By Kaitlyn Benacquisto
Antidepressants are the most commonly prescribed class of drugs in America, and have a long list of side effects that come with them.
The most common antidepressants are selective serotonin reuptake inhibitors (SSRIs). SSRIs mainly affect the amount of serotonin, while is the chemical that regulates mood, social behavior, appetite, digestion, sleep, memory and sexual desire, that your brain produces. This medication is preferable over other types of depression medication because it is safer and has fewer side effects than others.
Student Anthony Broussard, who is currently on antidepressants, said that the side effects are less than desirable.
“While I’m on the medication, I feel almost like a zombie,” said Broussard. “It’s very difficult to process emotions.”
He also described the side effects he faces when he forgets to take his medication: increased irritability, getting easily depressed, and feelings of shock. These side effects and more are common when a patient forgets to take their medication, or decides to take themselves off of it.
Matthew Stanford, CEO of the Hope and Healing Center & Institute, and adjunct professor in the Department of Psychiatry and Behavioral Sciences at Baylor College of Medicine said that the longer you are on antidepressants, the harder it is to get off of them.
“It becomes more and more difficult with long-term use to manage the illness,” said Stanford, “because your body is fighting against the effects of the medication, so if the medication is making you have more serotonin activity, your body is cutting that back to try to make it less and be a more balanced level.”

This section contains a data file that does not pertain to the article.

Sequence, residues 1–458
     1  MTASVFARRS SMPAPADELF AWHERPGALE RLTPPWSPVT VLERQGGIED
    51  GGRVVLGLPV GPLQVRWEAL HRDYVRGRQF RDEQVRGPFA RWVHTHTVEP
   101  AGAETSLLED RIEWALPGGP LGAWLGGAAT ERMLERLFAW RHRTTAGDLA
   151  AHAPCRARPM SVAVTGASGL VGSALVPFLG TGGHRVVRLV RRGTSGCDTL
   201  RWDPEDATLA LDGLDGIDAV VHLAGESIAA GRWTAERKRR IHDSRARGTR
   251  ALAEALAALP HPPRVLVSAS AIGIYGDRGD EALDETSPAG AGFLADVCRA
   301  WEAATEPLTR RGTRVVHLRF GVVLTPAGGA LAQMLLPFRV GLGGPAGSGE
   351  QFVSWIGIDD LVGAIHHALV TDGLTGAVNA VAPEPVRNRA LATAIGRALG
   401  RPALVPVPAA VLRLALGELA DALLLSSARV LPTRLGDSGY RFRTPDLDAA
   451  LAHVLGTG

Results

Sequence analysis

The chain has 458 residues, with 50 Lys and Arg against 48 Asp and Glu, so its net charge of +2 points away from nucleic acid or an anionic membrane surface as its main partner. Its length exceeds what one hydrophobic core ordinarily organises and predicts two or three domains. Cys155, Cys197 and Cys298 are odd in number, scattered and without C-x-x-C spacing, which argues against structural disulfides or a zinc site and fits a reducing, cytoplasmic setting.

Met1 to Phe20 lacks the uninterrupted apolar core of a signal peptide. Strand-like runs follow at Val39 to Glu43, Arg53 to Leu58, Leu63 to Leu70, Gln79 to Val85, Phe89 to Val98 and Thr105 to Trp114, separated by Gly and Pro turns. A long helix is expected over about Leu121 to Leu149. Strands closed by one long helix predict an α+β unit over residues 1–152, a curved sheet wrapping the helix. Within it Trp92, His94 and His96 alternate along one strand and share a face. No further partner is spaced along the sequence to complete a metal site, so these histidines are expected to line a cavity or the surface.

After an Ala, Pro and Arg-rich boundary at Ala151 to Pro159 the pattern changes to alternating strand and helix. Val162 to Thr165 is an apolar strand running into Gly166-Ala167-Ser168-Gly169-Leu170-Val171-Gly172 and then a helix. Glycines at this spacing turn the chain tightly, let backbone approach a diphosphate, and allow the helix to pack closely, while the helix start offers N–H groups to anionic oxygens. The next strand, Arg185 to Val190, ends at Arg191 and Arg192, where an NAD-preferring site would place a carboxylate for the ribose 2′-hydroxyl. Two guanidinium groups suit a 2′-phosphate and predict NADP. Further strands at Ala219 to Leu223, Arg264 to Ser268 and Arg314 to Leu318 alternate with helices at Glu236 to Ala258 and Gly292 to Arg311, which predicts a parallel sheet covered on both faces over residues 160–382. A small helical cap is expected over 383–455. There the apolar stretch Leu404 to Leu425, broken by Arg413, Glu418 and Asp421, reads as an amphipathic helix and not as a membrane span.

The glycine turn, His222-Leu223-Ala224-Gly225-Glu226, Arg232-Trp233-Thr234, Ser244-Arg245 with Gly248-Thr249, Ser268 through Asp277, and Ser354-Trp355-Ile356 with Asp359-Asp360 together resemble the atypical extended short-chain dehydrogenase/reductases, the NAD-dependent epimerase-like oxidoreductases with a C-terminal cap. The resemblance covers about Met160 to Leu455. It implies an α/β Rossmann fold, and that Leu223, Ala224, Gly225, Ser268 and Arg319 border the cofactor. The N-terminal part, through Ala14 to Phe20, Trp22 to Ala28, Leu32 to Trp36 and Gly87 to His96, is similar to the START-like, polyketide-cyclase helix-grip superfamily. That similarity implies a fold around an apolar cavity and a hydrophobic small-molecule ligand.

However, being on medication short-term for some users isn’t so easy. Once people get on antidepressants and discover the benefits, Dr. Stanford says they are often fearful they will not be able to live without them.
“You can become kind of dependent on them, in the sense of ‘I’m not going to be able to function unless I have my medicine,'” said Stanford. “Whether that medicine is having an effect or not, you may convince yourself that you desperately need it.”
Counselor Jennifer Matthews, who holds her masters degree in counseling and psychology, along with Stanford, said that the solution to this dependency is participating in therapy along with medication.
“Taking your pills will help you feel better, but it’s not really giving you any coping skills. It just creates stability, so that you can start to make changes,” said Matthews. “A lot of what happens when you need to take an antidepressant is that you need to take that just to get back to zero… It really should be accompanied by therapy. The idea is not just to be able to function, but to be learn skills to be able to cope, so that there’s a possibility where you cannot take medication and you’ll have the coping skills to be able to cope.”
Therapy can get patients to a place where they may no longer need to be on medication. However, many people are reluctant to see therapists says Matthews.
“Because of the way our culture is built, it’s like perform, push through, get stuff done, show up, you don’t need to take a break, and so we push ourselves,” Matthews said. “There are a large amount of people who could benefit from therapy, but we just don’t give ourselves permission to ask for help early on, until we are broken.”
The fact that antidepressants are the most commonly prescribed medication in America could say a lot about our society. The benefits are there, but so are the side effects, no matter what type of medication you are on. If you are one of millions of Americans who are on an antidepressant but not seeking therapy, you can go to Psychology Today to find a therapist near you.
Featured image by Kaitlyn Benacquisto.